Discussion in 'FAQs' started by rockislandmike, May 6, 2002.

  1. rockislandmike

    rockislandmike Active Member

    I just acquired this unit in an eBay auction this morning, and I was thinking it might be my first detailing exercise. It needs some extra work anyways, so . . . . . .

    My query is, though - how do I go about this??? How do I know what to add? What not to add? I know there's articles in magazines from time to time about specific units, but the odds of finding said article for one of these is rather slim I would think.

    Any thoughts????
  2. Drew1125

    Drew1125 Active Member

    I'm assuming this is an engine you're talking about...
    My advice is, if you're interested in a particular prototype, (pretty easy to guess what your favorite is :D ) try to find books on the RR. Write to their historical societies. Go on line...a good place to look might be the NMRA web site.
    As far as magazine articles, you could go to They have a link to a mag index.
    Once you've done your research, & know what you need, finding super-detailing parts for HO locos is certainly no problem.
  3. farmer ron

    farmer ron Member

    Mike, if you a modeling one of the Canadian roads try your local hobby shops, there are many books out that have pictures or the road engines, from that you will get an idea as to what you want to spend and how far you want to take the detailing. I know parts are expensive and add up quickly but a few well place ones realy add that extra look of the loco. There are also some sites on the net that you can access that have some info also. If you are modeling something other than Canadian I would try the net to see if there is something like a society or special intrest group for that paticular line. Also try a hobby shop, via e-mail, from the area where the line runs or would have run and see if they either have books on the line or a name of a railroader that models that line so you can have him contact you.
    If it is CN or CP there should be lots of railroaders in your area that have books you can look at, if not I have several, you would have to let me know what engine you have I can try look it up and get you a copy somehow, I have a scanner but am not too proficient with it as yet, there is also the fax. Let us know.
    Ron, Abbotsford, BC
  4. 60103

    60103 Pooh Bah

    I don't usually add detail, but my rule would be to look at a photo of the prototype and add what you think is missing or what you think you could improve. (e.g. separate handrails/grab irons) The thing to look for is the distinctive details for your road -- headlights, number boards, the weird stacks CN used on some of their diesels, cab sunshades...)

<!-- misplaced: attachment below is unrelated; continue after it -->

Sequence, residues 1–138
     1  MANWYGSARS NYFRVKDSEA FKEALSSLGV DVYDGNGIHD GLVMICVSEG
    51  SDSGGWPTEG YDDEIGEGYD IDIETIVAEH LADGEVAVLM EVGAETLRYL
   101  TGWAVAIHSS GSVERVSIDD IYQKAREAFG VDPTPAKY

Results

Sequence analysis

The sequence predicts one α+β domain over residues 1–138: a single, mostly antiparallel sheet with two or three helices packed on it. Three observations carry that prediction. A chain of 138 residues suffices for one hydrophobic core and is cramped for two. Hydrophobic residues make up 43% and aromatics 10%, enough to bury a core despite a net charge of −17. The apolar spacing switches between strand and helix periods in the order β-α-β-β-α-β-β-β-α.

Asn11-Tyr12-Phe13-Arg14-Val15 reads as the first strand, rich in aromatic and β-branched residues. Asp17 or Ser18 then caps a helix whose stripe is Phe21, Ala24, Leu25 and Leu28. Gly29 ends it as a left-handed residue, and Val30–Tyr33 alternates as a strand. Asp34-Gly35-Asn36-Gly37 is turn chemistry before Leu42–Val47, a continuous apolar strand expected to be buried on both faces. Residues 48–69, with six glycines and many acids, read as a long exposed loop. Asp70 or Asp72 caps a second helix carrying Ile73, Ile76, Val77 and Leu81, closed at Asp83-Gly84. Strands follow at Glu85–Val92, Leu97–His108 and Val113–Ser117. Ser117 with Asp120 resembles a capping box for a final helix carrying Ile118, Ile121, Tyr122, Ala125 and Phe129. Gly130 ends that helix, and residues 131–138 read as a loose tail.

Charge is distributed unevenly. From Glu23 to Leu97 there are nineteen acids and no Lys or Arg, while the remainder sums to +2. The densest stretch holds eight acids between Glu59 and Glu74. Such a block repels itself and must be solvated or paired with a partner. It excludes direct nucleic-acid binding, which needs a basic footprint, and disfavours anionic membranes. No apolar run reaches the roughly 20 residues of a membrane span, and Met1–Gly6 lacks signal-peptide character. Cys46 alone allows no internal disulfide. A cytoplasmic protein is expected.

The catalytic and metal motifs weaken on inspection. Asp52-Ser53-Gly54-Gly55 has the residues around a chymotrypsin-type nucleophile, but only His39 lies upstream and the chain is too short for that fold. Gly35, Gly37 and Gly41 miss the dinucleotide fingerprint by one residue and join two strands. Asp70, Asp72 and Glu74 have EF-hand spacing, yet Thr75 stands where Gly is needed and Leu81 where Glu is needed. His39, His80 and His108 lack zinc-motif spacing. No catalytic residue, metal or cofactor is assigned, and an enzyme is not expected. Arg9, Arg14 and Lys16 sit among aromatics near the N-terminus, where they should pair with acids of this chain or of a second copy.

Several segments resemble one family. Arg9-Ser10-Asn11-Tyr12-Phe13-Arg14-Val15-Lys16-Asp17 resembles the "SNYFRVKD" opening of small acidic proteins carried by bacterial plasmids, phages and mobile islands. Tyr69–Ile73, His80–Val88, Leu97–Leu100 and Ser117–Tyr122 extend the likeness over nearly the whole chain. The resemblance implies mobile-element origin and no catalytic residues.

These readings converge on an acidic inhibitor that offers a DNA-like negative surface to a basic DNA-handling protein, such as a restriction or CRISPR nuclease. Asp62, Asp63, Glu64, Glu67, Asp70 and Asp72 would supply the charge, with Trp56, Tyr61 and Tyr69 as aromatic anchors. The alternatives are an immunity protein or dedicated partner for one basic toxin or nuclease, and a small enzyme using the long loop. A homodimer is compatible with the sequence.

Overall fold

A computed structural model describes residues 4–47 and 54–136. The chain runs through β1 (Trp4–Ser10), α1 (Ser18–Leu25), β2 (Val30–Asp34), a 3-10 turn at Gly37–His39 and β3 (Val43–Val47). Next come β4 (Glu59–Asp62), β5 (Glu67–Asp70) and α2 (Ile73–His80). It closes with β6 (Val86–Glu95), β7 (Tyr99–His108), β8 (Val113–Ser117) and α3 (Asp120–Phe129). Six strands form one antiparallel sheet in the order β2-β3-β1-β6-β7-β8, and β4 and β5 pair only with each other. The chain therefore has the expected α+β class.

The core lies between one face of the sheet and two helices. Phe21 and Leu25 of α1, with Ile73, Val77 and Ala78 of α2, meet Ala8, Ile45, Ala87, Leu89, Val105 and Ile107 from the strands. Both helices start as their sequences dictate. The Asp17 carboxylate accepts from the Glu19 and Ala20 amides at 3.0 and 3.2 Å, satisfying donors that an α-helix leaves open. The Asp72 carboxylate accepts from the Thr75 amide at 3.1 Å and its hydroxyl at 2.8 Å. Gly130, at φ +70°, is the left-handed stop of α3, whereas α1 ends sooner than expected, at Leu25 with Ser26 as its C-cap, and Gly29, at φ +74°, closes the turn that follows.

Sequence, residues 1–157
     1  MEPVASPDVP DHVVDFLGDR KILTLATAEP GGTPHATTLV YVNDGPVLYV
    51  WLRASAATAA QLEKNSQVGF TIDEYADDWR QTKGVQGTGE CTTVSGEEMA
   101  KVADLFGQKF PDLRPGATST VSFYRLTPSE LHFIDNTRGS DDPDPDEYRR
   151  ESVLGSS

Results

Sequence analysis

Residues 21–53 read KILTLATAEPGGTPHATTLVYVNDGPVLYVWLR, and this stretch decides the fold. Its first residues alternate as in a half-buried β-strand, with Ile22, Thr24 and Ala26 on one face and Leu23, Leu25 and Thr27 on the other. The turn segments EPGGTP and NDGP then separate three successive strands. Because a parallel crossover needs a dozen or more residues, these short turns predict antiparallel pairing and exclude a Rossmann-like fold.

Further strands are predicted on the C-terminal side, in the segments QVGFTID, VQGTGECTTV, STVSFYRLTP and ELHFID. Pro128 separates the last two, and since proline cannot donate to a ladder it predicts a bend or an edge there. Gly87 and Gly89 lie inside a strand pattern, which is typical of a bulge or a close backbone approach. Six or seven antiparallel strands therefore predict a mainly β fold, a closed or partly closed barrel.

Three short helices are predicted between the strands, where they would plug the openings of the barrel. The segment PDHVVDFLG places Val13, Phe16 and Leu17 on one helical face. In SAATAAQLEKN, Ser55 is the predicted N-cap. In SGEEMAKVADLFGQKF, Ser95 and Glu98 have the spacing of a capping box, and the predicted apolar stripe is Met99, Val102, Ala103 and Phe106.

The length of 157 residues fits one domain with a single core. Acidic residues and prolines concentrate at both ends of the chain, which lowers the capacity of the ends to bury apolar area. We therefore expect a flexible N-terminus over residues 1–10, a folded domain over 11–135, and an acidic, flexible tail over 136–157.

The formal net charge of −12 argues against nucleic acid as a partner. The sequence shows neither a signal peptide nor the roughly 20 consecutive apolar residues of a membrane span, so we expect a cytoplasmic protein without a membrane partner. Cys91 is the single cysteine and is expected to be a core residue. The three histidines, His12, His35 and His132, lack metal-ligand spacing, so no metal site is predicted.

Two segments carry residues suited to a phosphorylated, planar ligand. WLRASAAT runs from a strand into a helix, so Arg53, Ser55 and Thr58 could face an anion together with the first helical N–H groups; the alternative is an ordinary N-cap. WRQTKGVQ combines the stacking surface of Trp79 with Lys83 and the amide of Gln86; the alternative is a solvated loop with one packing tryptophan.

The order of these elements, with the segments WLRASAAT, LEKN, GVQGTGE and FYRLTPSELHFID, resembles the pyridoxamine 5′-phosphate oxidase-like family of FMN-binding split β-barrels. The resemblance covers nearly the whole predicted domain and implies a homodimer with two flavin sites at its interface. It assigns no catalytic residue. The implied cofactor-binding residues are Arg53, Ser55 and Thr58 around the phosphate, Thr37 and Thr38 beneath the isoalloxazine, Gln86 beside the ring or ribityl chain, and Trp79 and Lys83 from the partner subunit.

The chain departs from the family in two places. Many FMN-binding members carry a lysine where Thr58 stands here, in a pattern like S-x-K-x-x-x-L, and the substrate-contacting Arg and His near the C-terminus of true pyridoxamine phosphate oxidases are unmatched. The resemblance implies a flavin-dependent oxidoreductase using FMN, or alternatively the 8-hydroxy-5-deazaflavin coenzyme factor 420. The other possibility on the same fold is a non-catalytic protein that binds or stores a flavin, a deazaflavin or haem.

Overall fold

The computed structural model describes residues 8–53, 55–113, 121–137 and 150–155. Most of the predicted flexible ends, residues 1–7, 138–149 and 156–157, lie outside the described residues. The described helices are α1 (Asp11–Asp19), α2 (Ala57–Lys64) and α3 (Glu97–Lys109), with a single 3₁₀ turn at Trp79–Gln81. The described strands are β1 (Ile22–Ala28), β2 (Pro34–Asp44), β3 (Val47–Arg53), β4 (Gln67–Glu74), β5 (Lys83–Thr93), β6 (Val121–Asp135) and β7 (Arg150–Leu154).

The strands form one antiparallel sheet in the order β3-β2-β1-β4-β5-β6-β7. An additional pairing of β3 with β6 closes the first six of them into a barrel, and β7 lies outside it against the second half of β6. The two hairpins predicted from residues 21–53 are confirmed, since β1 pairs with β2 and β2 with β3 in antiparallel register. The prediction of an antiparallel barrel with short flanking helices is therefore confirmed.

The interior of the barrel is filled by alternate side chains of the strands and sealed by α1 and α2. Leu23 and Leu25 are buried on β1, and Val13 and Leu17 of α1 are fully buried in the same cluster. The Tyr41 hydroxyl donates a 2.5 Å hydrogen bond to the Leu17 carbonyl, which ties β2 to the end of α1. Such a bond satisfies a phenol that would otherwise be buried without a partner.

One fellow I knew was selling superdetailed brass locos at the hobby shop. When someone said that the rooves weren't right, he replied that he'd never seen the rooves.
  5. sumpter250

    sumpter250 multiscale modelbuilder

    If you're detailing a model to represent a specific prototype, this is the process I use.
    First, I try to get as many photos of the prototype as I can find, both ends, and both sides, hopefully from the same time period.
    Second, study the photos, with the model in hand, and determine, and list the things which have to be removed from the model, or changed/moved.
    Third, again, with model and photos , determine and list everything that has to be added to the model to make it look like the prototype. Try to list everything. You may choose later to delete some details as not prominent enough, too difficult, or too delicate to withstand handling.( you gotta pick the thing up once in a while)
    Fourth, with the list of "adds", and the photos, go to the hobby shop to get parts. You may not know what everything is, but the photos will help find the part if it is available. If the part isn't available, you can decide to scratch build it, or not include it. Oh by the way, include decals in this list.
    Fifth, Remove/move/change according to the list. I like to use the list, and line out each item as it is completed. It's more accurate than memory.
    Final, add parts, paint, letter, and enjoy.

    The "checklist" approach isn't really fun, but, if the project is interrupted, the checklist helps keep the project on target, and accurate, regardless of the time that has passed since the last work was done.

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